The History of Time-KeepingHome
The History of Time-Keeping
In respect to human history, time keeping is a relatively recent
desire – probably 5000 to 6000 years old. It was most likely
initiated in the Middle East and North Africa.
A clock is defined as a device that consists of two qualities:
A regular, constant or repetitive process or action to mark off
equal increments of time. Early examples of such processes
included movement of the sun across the sky, candles marked in
increments, oil lamps with marked reservoirs, sand glasses
("hourglasses"), and in the Orient, small stone or metal mazes
filled with incense that would burn at a certain pace.
A means of keeping track of the increments of time and displaying
Relaying the history of time measurement has a degree of inaccuracy,
much like clocks themselves. What follows is, if not completely
accurate, as close as many researchers can ascertain.
Keeping time with the Sun
Keeping time with the Stars
Keeping time with Water
Links to Horology Sites
Using the Sun
The Egyptians are the first group of people that we can reasonably
prove that took time-keeping seriously as a culture. Many believe
that the Sumerians were thousands of years ahead of the game, but
proof of this is only speculative.
Around 3500 B.C. the Egyptians built “Obelisks” -- tall four-sided
tapered monuments -- and placed them in strategic locations to cast
shadows from the sun. Their moving shadows formed a kind of sundial,
enabling citizens to partition the day into two parts by indicating
noon. They also showed the year's longest and shortest days when the
shadow at noon was the shortest or longest of the year. Later,
markers added around the base of the monument would indicate further
Around 1500 B.C., the Egyptians took the next step forward with a
more accurate “shadow clock” or “sundial.” The sundial was divided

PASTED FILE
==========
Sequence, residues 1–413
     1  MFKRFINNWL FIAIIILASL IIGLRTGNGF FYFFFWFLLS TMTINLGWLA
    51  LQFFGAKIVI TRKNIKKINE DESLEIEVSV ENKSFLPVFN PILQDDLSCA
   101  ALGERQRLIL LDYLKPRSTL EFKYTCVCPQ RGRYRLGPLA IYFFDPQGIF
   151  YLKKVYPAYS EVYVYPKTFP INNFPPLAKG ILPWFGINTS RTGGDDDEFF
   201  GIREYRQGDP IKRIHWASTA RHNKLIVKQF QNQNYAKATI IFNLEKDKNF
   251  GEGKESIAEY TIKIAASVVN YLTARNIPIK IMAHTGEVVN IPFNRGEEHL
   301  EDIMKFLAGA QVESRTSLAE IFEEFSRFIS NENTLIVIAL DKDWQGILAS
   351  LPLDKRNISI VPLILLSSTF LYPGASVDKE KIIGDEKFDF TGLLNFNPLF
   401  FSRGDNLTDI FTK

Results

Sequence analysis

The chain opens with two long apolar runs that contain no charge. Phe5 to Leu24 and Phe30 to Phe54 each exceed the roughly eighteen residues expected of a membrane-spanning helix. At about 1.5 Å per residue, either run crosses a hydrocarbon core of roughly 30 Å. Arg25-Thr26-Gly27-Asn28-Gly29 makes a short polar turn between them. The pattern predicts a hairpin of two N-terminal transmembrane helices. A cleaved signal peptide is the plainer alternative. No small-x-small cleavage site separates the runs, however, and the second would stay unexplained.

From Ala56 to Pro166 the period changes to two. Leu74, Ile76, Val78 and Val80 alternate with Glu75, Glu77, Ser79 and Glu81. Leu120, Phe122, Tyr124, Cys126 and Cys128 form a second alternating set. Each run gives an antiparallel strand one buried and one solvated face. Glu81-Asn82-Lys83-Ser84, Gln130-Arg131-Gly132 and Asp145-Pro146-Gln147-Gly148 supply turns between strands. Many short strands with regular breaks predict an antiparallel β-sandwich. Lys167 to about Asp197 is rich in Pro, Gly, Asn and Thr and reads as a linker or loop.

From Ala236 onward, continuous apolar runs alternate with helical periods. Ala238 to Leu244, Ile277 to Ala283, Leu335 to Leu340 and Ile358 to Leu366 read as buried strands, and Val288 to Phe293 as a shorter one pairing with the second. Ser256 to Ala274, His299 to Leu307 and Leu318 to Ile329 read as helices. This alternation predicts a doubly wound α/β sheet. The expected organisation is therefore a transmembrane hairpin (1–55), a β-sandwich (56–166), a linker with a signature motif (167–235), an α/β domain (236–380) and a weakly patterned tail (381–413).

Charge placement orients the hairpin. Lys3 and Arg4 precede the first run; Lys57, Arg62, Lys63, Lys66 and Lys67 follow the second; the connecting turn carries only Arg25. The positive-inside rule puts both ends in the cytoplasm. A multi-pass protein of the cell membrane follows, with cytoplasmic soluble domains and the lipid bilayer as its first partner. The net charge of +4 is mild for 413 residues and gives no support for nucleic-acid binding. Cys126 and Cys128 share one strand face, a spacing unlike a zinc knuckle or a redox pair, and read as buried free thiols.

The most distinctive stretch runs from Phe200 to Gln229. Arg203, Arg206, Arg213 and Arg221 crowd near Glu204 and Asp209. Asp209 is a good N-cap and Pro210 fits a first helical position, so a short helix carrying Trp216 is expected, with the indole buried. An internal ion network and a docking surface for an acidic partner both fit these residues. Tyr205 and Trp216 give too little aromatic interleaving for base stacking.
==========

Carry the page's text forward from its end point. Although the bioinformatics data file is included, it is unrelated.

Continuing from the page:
into 10 parts, with two “twilight” hours indicated. This sundial
only kept accurate time (in relative terms) for a half day. So at
midday, the device had to be turned 180 degrees to measure the
A sundial tracks the apparent movement of the sun around the earth's
celestial pole by casting a shadow (or point of light) onto a
surface that is marked by hour and minute lines. That is why the
shadow-casting object (the gnomon or style) must point towards the
north celestial pole, which is very near Polaris, the North Star.
The gnomon serves as an axis about which the sun appears to rotate.
The sharper the shadow line is, the greater the accuracy. So,
generally speaking, the larger the sundial the greater the accuracy,
because the hour line can be divided into smaller portions of time.
But if a sundial gets too large, a point of diminishing returns is
reached because, due to the diffraction of light waves and the width
of the sun's face, the shadow spreads out and becomes fuzzy, making
the dial difficult to read.
In the quest for more year-round accuracy, sundials evolved from
flat horizontal or vertical plates to more elaborate forms. One
version was the hemispherical dial, a bowl-shaped depression cut
into a block of stone, carrying a central vertical gnomon (pointer)
and scribed with sets of hour lines for different seasons. The
hemicycle, thought to have been invented about 300 B.C., removed the
useless half of the hemisphere to give an appearance of a half-bowl
cut into the edge of a squared block.
The Egyptians improved upon the sundial with a “merkhet,” the oldest
known astronomical tool. It was developed around 600 B.C. and uses a
string with a weight on the end to accurately measure a straight
vertical line (much like a carpenter uses a plumb bob today). A pair
of merkhets were used to establish a North-South line by lining them
up with the Pole Star. This allowed for the measurement of nighttime
hours as it measured when certain stars crossed a marked meridian on
By 30 B.C., there were as many as 13 different types of sundials
used across Greece, Asia Minor and Italy.
“Clepsydras” or Water Clocks were among the first time-keeping
devices that didn’t use the sun or the passage of celestial bodies